Liakata, M., Saha, S., Dobnik, S., Batchelor, C., & Rebholz-Schuhmann, D. (2012). Automatic recognition of conceptualization zones in scientific articles and two life science applications. Bioinformatics, 28(7), 991-1000.
- Scientific discourse analysis helps in distinguishing the nature of knowledge in research articles (facts, hypothesis, existing and new work).
- Annotation schemes vary across disciplines in scope and granularity.
- To build a finer grained annotation scheme to capture the structure of scientific articles (CoreSC scheme).
- To automate the annotation of full articles at sentence level with CoreSC scheme using machine learning classifiers (SAPIENT “Semantic Annotation of Papers: Interface & ENrichment Tool” available for download here).
- 265 articles from biochemistry and chemistry, containing 39915 sentences (>1 million words) annotated in three phrases by multiple experts.
- XML aware sentence splitter SSSplit used for splitting sentences.
- First layer of the CoreSC scheme with 11 categories for annotation:
- Background (BAC), Hypothesis (HYP), Motivation (MOT), Goal (GOA), Object (OBJ), Method (MET), Model (MOD), Experiment (EXP), Observation (OBS), Result (RES) and Conclusion (CON).
- Text classification:
- Sentences classified independent of each other.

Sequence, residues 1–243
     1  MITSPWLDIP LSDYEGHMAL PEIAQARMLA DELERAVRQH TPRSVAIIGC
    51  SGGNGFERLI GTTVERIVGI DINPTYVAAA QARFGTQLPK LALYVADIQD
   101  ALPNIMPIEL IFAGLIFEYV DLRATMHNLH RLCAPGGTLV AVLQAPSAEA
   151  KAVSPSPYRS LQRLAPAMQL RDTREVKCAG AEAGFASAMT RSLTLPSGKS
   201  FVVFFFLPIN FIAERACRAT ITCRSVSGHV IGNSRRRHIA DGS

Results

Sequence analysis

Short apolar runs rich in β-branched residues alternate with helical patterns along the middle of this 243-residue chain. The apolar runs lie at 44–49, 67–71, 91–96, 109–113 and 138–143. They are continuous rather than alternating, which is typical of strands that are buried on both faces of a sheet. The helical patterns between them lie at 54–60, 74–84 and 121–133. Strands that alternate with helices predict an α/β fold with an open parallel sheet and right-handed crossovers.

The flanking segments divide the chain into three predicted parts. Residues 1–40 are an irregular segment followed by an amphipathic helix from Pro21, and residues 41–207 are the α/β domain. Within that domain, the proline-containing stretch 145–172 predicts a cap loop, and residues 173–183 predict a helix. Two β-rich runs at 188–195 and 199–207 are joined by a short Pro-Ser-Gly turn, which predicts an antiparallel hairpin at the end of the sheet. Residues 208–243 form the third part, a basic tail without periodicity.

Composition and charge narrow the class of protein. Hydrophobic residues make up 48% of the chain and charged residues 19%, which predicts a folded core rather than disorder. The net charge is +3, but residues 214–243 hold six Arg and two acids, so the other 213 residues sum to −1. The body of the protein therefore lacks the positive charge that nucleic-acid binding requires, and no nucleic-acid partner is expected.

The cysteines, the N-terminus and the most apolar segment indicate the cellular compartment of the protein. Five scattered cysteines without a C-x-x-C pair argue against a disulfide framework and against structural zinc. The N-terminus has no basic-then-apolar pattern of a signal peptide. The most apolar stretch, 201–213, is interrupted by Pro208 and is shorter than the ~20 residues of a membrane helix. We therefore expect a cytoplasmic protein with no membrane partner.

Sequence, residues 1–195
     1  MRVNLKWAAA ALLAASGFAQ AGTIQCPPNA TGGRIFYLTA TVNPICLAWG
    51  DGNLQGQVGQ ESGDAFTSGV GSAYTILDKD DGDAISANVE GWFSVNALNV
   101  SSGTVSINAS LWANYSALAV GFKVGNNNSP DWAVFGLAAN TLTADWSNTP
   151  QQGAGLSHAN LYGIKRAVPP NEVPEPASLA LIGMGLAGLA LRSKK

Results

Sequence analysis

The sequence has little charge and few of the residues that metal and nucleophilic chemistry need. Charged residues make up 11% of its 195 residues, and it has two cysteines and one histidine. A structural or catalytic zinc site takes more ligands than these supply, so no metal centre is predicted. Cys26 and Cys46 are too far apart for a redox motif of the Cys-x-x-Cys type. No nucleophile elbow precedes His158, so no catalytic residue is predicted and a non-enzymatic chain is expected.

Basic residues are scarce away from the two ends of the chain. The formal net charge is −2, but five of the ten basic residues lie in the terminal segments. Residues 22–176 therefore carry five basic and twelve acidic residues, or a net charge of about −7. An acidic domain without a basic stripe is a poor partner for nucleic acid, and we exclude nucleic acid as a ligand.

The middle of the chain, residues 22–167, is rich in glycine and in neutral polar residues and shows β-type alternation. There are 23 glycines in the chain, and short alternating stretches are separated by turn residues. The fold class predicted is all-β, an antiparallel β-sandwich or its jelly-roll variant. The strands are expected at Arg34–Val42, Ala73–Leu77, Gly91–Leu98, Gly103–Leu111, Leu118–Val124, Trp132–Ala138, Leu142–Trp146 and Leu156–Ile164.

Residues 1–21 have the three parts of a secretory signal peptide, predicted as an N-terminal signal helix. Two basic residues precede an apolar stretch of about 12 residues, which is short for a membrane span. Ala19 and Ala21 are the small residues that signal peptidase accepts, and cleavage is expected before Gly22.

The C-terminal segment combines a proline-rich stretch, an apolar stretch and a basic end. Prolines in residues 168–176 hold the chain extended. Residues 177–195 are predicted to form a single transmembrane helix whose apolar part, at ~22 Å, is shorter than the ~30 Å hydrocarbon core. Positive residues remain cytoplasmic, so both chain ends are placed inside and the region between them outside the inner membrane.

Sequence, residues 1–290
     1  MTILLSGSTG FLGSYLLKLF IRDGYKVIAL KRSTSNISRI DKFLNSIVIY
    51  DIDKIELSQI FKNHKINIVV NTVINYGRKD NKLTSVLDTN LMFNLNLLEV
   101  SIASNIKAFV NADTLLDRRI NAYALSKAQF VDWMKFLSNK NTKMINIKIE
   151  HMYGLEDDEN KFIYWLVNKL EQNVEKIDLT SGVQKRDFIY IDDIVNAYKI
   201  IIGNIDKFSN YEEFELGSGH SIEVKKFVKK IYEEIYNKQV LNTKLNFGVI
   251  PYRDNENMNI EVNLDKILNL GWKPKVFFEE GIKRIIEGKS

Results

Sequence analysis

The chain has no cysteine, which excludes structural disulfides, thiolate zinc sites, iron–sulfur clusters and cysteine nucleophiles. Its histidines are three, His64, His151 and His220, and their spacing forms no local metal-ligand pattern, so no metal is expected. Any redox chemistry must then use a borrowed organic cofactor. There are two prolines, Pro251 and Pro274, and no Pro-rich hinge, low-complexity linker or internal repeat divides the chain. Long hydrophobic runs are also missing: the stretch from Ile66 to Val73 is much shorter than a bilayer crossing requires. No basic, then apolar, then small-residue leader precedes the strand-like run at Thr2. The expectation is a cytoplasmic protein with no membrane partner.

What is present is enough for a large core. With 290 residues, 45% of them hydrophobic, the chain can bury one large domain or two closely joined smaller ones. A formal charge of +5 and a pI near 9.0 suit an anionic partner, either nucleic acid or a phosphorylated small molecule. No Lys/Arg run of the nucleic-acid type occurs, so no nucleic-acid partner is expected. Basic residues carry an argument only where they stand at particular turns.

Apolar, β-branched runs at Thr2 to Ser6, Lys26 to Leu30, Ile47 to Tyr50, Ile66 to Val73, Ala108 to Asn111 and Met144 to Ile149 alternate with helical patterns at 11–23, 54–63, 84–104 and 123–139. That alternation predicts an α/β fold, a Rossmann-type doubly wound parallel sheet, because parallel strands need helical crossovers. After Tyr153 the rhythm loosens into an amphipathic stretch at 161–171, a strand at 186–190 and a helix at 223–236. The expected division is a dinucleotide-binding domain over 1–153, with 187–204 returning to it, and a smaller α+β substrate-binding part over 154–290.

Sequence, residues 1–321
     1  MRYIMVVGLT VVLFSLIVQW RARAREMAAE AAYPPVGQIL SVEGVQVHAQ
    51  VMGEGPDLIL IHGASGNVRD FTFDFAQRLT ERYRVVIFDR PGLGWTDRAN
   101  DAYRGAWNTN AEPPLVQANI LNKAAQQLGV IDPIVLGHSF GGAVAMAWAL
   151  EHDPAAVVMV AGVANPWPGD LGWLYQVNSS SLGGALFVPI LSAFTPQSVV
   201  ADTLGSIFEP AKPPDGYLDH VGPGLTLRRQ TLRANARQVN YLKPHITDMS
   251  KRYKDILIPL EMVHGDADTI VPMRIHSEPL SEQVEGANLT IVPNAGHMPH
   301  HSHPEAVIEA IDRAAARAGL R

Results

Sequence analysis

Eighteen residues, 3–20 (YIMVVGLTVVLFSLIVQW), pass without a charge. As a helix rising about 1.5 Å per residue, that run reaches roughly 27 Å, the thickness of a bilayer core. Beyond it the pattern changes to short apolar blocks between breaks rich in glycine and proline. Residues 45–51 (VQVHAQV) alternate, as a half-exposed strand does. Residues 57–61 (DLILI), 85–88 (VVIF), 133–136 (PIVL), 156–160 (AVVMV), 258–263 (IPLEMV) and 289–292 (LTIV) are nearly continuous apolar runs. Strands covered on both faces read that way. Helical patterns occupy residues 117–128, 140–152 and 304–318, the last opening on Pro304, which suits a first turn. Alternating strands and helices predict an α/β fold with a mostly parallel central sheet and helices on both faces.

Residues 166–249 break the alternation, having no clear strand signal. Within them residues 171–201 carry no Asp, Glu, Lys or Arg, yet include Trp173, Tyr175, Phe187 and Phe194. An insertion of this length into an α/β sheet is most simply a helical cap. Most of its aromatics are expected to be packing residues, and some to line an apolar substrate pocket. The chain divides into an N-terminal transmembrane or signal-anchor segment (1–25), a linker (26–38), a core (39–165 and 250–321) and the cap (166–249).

- Uses Support Vector Machine (SVM).
- Features extracted based on different aspects of a sentence: location within the paper, document structure (global features) to local features. For the complete list of features used, refer the paper.
- Sequence labelling:
- Labels assigned to satisfy dependencies among sentences.
- Uses Conditional Random Fields (CRF).
Results and discussion:
- F-score: Ranges from 76% for EXP (Experiment) to 18% for the low frequency category MOT(Motivation) [Refer complete results from runs configured with different settings and features in Table 2 of the paper].
- Most important features: n-grams (primarily bigrams), Grammatical triples (GRs), verbs, global features such as history (sequence of labels) and section headings (Detailed explanation for the features
- Classifiers: LibS has the highest accuracy at 51.6%, CRF at 50.4% and LibL at 47.7%.
- Can be applied to create executive summaries of full papers (based on the entire content and not just abstracts) to identify key information in a paper.
- CoreSC annotated biology papers to be used for guiding information extraction and retrieval.
- Generalization to new domains in progress.